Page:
In DreadBall a team gets 5 Team Action Tokens (TAT) in each Rush. This is the bread and butter of what they can get done, though it can be supplemented by free actions and Special Move cards. DBX uses the same basic principle, but only gives each team 4 Team Action Tokens each Rush. Why the change?
There are a couple of reasons, both of which push the rules in the same direction.
Firstly, the fact that a Rush is made up of several actions (as opposed to one) is partly a reflection of the ability of the team to work as a team. They train to back each other up and to execute plays that consist of clearing a path, passing and scoring with a number of players performing interlocking tasks. The teams in DBX are temporary collections of disparate individuals whose teamwork skills often leave much to be desired. They understand the basics from watching the professionals, so they know what’s possble. Some may even have had some practice in amateur games, so they aren’t totally useless. However, they clearly shouldn’t be as good as the professionals who train as a group all the time. A good way to illustrate this is to reduce the number of things they get done in a row – the TAT.
Secondly, DBX is much more dangerous than normal DB and I found that 5 actions meant that a punchy team could too much damage to their opponents in a single Rush. If a team actually tries to score then they won’t do much damage to the opposition as they’re busy doing other things with some of their actions. On the other hand, if they spend their whole time trying to cripple the opposition (a perfectly legitimate tactic in DBX) then the amount of carnage they can cause is a bit overwhelming and starts to make things less fun. To make things more interesting the amount of damage that could be done all at once needed to be reduced a little.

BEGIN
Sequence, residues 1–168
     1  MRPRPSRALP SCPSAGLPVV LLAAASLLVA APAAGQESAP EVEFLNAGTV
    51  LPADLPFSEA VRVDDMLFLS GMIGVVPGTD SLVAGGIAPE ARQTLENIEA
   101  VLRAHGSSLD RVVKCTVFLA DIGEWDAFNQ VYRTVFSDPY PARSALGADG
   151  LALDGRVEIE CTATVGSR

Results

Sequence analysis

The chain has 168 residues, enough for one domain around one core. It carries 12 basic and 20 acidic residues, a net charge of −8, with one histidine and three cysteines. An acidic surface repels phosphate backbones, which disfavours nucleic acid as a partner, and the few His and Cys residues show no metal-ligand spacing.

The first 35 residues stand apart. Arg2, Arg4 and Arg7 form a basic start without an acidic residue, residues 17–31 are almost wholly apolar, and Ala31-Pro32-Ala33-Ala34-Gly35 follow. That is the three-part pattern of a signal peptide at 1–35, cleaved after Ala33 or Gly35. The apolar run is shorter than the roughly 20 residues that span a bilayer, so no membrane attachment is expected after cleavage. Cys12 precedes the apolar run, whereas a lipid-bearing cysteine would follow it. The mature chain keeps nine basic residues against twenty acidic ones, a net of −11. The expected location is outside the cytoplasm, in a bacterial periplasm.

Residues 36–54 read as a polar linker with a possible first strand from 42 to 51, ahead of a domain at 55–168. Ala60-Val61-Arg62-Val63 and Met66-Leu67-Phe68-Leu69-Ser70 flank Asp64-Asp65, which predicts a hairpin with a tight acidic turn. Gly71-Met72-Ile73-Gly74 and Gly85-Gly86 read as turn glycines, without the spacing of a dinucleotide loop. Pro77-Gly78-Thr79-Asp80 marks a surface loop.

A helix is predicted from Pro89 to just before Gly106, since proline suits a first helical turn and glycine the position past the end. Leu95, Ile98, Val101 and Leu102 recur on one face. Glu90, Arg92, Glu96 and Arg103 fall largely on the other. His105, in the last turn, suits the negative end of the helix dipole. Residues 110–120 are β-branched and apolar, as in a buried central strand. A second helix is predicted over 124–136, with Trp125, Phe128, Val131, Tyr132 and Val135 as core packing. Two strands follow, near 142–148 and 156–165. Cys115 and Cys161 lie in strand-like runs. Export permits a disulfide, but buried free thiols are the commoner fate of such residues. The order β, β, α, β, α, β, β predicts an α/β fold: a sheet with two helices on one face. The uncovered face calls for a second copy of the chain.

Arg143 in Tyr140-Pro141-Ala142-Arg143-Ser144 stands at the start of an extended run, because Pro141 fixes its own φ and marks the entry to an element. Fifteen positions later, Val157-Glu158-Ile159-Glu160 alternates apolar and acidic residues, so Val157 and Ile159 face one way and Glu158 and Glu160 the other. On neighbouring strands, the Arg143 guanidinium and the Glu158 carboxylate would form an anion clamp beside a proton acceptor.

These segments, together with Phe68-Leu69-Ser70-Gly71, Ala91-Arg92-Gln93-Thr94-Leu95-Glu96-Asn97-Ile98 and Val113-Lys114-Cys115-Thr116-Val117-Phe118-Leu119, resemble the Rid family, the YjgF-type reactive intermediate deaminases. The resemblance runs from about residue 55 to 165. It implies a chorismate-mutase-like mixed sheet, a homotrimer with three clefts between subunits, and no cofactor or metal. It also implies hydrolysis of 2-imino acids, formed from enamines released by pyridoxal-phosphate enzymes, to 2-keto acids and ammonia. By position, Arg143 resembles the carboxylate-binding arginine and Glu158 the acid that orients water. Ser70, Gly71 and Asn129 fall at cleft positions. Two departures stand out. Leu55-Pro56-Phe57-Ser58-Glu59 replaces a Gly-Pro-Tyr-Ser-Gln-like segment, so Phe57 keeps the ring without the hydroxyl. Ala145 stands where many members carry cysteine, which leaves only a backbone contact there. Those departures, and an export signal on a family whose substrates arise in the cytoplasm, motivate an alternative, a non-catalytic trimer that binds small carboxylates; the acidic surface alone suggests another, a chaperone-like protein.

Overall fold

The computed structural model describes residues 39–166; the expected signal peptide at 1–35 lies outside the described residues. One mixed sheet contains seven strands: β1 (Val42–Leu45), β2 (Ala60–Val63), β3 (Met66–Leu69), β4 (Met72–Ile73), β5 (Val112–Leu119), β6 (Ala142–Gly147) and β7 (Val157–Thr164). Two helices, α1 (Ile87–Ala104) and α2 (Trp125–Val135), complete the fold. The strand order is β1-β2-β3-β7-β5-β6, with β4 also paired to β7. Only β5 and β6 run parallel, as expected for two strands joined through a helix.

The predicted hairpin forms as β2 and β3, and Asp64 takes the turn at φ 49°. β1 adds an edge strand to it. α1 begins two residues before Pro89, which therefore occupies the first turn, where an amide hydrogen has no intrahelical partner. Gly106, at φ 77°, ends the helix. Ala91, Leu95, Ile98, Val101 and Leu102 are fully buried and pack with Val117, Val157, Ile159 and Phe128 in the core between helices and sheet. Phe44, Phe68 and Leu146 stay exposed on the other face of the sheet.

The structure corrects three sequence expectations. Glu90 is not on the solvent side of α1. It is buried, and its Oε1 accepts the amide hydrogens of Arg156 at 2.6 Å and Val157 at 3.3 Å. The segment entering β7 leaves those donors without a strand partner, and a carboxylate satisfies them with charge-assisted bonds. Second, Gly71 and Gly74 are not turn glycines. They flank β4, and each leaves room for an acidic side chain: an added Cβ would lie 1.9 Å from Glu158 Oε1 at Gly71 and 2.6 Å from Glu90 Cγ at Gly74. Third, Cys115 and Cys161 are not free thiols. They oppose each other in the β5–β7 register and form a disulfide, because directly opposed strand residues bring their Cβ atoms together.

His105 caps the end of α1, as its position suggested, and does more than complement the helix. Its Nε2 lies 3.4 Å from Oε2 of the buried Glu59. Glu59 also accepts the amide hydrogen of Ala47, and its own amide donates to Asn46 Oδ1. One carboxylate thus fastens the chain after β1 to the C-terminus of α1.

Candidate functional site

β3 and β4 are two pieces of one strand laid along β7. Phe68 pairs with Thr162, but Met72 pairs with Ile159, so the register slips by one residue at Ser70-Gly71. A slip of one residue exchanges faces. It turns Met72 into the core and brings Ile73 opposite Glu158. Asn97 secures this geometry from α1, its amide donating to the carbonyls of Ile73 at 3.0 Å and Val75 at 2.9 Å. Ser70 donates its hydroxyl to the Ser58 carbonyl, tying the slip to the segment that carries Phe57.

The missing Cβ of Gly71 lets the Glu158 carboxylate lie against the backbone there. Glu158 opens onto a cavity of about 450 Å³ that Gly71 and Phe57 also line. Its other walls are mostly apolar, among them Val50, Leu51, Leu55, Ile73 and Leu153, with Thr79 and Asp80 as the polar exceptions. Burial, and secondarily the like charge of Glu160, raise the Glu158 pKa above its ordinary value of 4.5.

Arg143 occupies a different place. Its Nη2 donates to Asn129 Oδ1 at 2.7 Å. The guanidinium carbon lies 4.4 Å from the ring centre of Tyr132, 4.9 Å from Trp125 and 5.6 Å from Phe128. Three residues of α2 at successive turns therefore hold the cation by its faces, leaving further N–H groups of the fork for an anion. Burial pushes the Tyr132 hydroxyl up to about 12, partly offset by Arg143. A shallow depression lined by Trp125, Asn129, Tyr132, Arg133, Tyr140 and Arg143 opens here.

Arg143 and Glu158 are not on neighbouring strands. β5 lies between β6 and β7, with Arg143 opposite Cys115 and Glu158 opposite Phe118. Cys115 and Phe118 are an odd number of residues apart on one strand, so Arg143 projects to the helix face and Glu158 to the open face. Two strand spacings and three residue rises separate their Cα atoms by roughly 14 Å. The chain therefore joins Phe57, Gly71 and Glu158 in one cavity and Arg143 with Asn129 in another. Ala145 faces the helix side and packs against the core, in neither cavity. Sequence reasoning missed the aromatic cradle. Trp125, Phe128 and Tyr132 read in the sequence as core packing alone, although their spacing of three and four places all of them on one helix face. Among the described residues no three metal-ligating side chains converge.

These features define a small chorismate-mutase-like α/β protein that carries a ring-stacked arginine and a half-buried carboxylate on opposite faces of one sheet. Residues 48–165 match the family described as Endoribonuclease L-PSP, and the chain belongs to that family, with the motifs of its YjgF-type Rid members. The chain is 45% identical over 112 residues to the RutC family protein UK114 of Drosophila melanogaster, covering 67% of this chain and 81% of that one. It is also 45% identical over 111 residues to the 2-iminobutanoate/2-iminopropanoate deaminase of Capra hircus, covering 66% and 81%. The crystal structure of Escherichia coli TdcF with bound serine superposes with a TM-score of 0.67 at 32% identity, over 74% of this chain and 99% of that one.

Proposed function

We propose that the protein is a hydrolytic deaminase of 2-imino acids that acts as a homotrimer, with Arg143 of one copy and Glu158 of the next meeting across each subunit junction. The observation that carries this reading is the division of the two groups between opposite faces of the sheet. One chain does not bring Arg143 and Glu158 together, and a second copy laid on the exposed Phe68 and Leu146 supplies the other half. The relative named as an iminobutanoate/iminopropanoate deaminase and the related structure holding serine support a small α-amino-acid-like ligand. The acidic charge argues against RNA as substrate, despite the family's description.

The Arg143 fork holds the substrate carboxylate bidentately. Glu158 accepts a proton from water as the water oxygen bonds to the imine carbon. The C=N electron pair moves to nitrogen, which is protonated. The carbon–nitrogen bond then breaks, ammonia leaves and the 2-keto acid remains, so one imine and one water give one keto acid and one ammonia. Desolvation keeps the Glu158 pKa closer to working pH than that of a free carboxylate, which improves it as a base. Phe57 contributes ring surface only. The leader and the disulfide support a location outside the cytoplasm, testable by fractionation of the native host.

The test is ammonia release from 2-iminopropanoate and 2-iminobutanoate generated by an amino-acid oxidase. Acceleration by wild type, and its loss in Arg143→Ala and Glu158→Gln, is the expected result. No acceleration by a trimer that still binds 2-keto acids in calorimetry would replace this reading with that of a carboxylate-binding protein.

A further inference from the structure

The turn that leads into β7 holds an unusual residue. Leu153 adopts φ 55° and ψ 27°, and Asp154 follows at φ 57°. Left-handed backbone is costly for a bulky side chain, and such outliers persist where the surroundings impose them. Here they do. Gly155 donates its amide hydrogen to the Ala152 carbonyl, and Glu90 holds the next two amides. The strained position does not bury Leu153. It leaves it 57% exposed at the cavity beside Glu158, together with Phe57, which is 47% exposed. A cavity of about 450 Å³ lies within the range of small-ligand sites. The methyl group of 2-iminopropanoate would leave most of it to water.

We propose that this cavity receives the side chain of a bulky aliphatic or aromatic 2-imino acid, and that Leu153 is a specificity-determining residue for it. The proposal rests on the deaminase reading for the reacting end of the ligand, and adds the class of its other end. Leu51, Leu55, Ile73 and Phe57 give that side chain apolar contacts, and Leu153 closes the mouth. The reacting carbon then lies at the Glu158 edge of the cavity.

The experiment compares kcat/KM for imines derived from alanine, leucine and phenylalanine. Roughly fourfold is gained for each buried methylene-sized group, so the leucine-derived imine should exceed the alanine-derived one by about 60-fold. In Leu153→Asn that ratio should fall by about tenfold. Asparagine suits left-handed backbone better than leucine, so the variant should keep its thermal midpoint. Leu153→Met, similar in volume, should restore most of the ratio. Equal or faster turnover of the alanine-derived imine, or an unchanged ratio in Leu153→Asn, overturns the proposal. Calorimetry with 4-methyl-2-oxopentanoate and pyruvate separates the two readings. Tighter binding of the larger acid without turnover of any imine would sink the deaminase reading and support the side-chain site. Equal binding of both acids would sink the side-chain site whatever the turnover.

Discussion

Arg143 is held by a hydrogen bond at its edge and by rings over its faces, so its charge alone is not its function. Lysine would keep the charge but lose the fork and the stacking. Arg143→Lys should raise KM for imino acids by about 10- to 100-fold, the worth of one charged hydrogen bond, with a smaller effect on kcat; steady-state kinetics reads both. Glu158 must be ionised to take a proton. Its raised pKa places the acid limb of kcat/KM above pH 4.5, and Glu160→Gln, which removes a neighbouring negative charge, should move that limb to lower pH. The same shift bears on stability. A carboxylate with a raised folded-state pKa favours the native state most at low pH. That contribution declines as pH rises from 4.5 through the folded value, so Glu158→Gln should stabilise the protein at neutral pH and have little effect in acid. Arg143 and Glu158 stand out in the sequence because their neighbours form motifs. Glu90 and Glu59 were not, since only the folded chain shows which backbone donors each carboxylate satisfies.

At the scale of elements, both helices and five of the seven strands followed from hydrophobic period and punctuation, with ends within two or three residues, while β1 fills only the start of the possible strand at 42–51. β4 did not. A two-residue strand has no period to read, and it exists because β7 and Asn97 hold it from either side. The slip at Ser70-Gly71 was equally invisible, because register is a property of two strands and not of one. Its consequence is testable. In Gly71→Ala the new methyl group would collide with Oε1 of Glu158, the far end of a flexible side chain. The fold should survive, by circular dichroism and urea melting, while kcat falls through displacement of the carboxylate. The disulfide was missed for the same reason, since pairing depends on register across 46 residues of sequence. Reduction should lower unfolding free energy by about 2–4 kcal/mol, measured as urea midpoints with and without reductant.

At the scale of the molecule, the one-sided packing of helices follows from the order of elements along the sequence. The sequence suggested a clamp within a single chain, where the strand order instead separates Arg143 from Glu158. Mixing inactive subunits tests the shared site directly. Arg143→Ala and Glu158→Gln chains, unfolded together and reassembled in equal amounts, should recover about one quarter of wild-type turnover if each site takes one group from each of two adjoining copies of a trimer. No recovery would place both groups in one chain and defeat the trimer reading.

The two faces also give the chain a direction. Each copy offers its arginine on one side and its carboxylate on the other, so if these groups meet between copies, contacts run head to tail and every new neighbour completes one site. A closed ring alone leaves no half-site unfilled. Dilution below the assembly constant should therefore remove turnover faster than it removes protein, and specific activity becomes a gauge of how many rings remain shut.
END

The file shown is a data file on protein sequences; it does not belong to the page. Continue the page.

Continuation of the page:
This does mean that there are fewer actions in a game overall, or it would if this was the only source. However, the Special Move cards are a bit more easily accessible than they are in normal DreadBall and so this balances things to the point that I didn’t feel the need to make the game longer. The fact that these card-based actions are more closely defined helps keep the second point under control. Well, as much as you want it to be 🙂
There are some nice side effects from this reduction in TAT. One important feature is that the Rushes go quicker, and this helps balance the tendency for people to spend more time thinking about their moves in DBX (because there’s more to think about with the variable pitch). This keeps the overall time down.